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48 minutes | 3 days ago
441. Does Advertising Actually Work? (Part 2: Digital)
Google and Facebook are worth a combined $2 trillion, with the vast majority of their revenue coming from advertising. In our previous episode, we learned that TV advertising is much less effective than the industry says. Is digital any better? Some say yes, some say no — and some say we’re in a full-blown digital-ad bubble.
41 minutes | 10 days ago
440. Does Advertising Actually Work? (Part 1: TV)
Companies around the world spend more than half-a-trillion dollars each year on ads. The ad industry swears by its efficacy — but a massive new study tells a different story.
54 minutes | 17 days ago
439. Please Get Your Noise Out of My Ears
The modern world overwhelms us with sounds we didn’t ask for, like car alarms and cell-phone “halfalogues.” What does all this noise cost us in terms of productivity, health, and basic sanity?
52 minutes | 24 days ago
438. How to Succeed by Being Authentic (Hint: Carefully)
John Mackey, the C.E.O. of Whole Foods, has learned the perils of speaking his mind. But he still says what he thinks about everything from “conscious leadership” to the behavioral roots of the obesity epidemic. He also argues for a style of capitalism and politics that at this moment seems like a fantasy. What does he know that we don’t?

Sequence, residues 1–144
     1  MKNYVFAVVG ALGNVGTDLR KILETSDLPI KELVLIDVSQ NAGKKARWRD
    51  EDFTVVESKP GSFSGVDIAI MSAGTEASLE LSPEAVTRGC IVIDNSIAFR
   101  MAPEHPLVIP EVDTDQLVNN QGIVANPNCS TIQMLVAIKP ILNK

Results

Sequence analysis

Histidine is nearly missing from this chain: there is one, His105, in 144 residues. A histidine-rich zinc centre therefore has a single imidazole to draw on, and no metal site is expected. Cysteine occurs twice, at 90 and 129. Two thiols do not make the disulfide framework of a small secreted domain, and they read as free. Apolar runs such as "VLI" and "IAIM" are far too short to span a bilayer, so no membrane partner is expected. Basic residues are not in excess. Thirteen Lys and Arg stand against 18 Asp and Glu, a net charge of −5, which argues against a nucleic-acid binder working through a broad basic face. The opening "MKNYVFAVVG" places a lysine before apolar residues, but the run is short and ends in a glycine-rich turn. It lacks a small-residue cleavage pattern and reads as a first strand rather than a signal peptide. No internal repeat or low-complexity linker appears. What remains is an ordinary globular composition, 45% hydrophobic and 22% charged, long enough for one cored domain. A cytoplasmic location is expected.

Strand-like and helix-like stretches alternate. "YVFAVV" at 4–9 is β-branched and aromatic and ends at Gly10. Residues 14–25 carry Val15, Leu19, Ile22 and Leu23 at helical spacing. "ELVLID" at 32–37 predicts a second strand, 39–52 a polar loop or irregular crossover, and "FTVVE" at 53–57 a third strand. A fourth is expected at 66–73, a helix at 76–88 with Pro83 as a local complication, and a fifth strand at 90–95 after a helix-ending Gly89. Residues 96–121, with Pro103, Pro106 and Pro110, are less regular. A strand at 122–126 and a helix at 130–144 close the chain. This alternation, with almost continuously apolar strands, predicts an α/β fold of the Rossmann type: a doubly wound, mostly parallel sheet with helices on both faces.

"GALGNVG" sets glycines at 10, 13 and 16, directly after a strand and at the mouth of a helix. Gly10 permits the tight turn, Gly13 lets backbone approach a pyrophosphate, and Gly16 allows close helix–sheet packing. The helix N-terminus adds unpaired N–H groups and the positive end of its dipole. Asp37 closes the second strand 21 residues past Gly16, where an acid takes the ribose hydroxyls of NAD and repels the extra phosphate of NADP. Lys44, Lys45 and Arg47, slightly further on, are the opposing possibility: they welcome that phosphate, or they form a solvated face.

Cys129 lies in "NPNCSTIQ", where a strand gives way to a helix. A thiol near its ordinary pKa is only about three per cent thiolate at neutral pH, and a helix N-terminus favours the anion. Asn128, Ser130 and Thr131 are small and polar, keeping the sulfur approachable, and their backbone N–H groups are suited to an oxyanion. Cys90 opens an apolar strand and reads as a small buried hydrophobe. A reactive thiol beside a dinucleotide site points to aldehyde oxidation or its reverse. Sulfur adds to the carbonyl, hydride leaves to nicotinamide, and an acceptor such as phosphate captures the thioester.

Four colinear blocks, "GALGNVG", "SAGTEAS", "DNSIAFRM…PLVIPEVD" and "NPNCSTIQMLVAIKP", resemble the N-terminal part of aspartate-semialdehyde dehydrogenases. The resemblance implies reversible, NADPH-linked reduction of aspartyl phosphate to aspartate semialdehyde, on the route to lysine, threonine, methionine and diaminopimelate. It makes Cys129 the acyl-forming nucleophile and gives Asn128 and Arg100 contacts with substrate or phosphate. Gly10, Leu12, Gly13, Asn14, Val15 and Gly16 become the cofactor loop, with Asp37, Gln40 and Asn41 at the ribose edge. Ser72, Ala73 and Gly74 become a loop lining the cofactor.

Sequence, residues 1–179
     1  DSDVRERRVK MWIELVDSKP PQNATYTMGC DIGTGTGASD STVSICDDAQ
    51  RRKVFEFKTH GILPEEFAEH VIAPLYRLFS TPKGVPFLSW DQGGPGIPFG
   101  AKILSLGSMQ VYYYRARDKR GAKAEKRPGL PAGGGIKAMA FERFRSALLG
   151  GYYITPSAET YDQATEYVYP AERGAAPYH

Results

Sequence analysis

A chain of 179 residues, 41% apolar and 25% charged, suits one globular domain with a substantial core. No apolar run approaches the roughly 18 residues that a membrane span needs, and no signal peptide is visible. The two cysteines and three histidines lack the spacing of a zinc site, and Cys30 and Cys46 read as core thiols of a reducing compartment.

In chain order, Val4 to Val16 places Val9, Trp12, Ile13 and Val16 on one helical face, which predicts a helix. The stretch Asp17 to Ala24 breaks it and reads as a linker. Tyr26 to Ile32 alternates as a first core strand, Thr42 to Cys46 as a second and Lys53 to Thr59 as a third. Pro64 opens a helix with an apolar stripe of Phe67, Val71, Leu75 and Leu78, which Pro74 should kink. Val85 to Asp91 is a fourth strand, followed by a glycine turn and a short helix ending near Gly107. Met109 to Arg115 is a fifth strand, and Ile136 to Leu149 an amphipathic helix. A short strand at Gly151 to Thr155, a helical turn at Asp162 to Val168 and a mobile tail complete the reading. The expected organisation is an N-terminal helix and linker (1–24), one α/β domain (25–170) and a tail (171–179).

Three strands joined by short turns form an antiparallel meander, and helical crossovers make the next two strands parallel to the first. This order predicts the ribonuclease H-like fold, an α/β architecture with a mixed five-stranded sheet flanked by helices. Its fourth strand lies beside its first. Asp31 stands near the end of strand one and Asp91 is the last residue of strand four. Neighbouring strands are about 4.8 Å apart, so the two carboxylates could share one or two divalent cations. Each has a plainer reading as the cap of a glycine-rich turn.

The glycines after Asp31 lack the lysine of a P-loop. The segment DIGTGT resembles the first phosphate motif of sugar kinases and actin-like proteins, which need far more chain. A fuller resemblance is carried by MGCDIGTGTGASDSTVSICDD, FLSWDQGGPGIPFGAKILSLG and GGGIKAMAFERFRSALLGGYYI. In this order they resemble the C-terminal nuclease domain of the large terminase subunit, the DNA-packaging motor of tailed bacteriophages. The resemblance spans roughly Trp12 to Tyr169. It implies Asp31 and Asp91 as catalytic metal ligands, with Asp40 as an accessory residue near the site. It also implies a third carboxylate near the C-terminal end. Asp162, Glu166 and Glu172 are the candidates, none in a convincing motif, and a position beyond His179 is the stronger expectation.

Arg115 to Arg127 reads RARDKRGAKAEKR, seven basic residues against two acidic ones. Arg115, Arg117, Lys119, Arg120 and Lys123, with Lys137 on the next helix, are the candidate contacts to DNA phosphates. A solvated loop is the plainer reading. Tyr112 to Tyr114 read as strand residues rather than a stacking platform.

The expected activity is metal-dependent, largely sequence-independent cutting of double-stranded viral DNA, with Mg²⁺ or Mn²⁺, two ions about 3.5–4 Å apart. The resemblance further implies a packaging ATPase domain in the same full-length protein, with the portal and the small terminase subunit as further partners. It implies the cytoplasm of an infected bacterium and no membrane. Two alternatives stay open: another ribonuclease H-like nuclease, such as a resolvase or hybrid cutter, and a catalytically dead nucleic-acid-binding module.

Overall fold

49 minutes | a month ago
Why the Left Had to Steal the Right’s Dark-Money Playbook
The sociologist Sudhir Venkatesh spent years studying crack dealers, sex workers, and the offspring of billionaires. Then he wandered into an even stranger world: social media. He spent the past five years at Facebook and Twitter. Now that he’s back in the real world, he’s here to tell us how the digital universe really works. In this pilot episode of a new podcast, Venkatesh interviews the progressive political operative Tara McGowan about her digital successes with the Obama campaign, her noisy failure with the Iowa caucus app, and why the best way for Democrats to win more elections was to copy the Republicans.
45 minutes | a month ago
437. Many Businesses Thought They Were Insured for a Pandemic. They Weren’t.
A fine reading of most policies for “business interruption” reveals that viral outbreaks aren’t covered. Some legislators are demanding that insurance firms pay up anyway. Is it time to rethink insurance entirely?
62 minutes | a month ago
436. Forget Everything You Know About Your Dog
As beloved and familiar as they are, we rarely stop to consider life from the dog’s point of view. That stops now. In this latest installment of the Freakonomics Radio Book Club, we discuss Inside of a Dog with the cognitive scientist (and dog devotee) Alexandra Horowitz.